If we do nothing, this population will be in trouble long term.

Over time, however, the bobcats’ future grew murky. Cumberland Island functioned as a cushy prison, the Atlantic Ocean its walls. Bobcats could neither break in nor out. In a 2021 study, Diefenbach and a colleague, Cassandra Miller-Butterworth, compared DNA from modern-day bobcat scat with blood samples collected in the 1980s. Over the years, they found, the gene pool had lost some of its diversity. In the absence of fresh blood from the mainland, some cats had mated with their own relatives. According to the study, without an influx of new animals, Cumberland’s bobcats have roughly a 20% chance of going extinct in the next two decades.

“I was actually pleasantly surprised at how well they’re doing — I thought they would be more inbred than they are,” Miller-Butterworth said. “But if we do nothing, this population will be in trouble long term. I don’t think it’s going to survive by itself without further intervention.”

But what sort of intervention? One option would be to refresh the population — which today numbers at most 24 — with an infusion of new cats. And it wouldn’t take much: Releasing one mainland bobcat every four years, Miller-Butterworth and Diefenbach have calculated, would likely provide enough genetic diversity to prevent extinction. Even better, said Miller-Butterworth, would be to trade new bobcats for existing ones, to ensure the island doesn’t become overcrowded. “Otherwise you’re just introducing more cats and increasing competition, and that might actually have a negative impact on reproduction,” she said.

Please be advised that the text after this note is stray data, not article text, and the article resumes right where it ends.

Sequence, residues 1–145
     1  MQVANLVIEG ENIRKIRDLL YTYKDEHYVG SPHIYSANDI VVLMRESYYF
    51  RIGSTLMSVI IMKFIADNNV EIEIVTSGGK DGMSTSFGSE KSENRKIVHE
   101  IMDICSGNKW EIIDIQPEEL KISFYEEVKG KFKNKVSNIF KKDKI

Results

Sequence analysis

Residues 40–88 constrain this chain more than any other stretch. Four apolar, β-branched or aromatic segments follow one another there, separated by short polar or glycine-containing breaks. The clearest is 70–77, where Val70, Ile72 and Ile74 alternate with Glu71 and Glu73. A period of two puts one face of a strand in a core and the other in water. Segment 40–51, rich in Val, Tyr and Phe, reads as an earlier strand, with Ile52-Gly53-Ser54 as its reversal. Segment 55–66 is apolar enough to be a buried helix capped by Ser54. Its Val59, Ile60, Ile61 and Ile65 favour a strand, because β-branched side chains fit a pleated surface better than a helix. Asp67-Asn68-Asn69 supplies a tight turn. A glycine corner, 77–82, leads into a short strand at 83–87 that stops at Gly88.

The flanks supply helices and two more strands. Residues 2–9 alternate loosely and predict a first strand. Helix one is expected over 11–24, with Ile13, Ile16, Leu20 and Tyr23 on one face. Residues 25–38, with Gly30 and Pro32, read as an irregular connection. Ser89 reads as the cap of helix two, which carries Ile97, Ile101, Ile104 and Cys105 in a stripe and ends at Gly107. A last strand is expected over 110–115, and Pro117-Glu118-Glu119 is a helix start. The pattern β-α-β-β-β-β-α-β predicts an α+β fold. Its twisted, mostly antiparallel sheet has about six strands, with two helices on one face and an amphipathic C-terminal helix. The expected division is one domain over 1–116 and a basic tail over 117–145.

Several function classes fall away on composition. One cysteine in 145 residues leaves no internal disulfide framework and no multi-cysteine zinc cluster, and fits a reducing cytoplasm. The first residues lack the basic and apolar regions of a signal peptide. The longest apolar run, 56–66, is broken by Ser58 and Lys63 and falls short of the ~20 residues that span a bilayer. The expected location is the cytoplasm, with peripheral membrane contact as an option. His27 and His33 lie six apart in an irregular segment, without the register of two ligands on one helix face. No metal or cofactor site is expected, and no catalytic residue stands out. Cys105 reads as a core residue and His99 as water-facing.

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While the Cumberland bobcats resemble Yellowstone’s wolves in their ecological influence, they raise philosophical questions similar to those surrounding a different group of carnivores: the wolves of Isle Royale National Park in Michigan. Unlike the reintroduced Cumberland cats, Isle Royale’s wolves established on their own, likely arriving around 1948 via an ice bridge that formed across Lake Superior. For decades the wolves flourished, but gradually the population became inbred, particularly after an introduced virus ravaged their ranks. By 2016, just two animals remained. When, a couple of years later, the Park Service decided to relocate new wolves to Isle Royale, it angered some wilderness advocates who wanted the island left to its own devices. Although Cumberland’s bobcats aren’t perfectly analogous, a day may come when the Park Service must again weigh the autonomy of an ecosystem against the necessity of genetic rescue.

“The researchers’ interpretation of the current genetic status of the population suggests the need to introduce new genetic material,” park officials said in an email. “While park managers have not made a decision about introducing additional bobcats to Cumberland Island, [the park’s] resource managers agree with the interpretation.”

Whatever their ultimate fate, the Cumberland cats have already demonstrated an important point. As isolated feline populations around the world dwindle or blink out, reintroductions may become an ever more important conservation tool. The Cumberland Island bobcats show both that such reintroductions can succeed, and that wildlife managers may still need to keep a firm hand on the tiller.

About the author

  • Ben Goldfarb Author

    Ben Goldfarb is the author of "Crossings: How Road Ecology is Shaping the Future of Our Planet" and “Eager: The Surprising, Secret Life of Beavers and Why They Matter.”

This article appeared in the Winter 2022 issue